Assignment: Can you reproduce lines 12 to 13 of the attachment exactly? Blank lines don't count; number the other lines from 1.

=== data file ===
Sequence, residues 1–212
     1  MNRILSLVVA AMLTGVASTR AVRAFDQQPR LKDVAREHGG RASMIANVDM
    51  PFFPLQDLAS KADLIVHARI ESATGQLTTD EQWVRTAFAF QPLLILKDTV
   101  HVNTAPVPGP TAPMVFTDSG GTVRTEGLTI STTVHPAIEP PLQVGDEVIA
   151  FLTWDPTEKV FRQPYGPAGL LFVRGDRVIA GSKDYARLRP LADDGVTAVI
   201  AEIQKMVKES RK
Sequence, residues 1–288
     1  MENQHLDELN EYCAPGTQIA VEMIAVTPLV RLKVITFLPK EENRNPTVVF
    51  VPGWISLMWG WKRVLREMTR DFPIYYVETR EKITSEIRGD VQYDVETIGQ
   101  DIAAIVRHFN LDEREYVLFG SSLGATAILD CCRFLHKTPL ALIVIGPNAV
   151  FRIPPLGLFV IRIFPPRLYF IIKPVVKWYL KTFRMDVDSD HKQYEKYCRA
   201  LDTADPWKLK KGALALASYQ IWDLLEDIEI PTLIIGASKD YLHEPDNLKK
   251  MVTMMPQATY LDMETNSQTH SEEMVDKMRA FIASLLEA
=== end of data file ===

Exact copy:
   201  LDTADPWKLK KGALALASYQ IWDLLEDIEI PTLIIGASKD YLHEPDNLKK
   251  MVTMMPQATY LDMETNSQTH SEEMVDKMRA FIASLLEA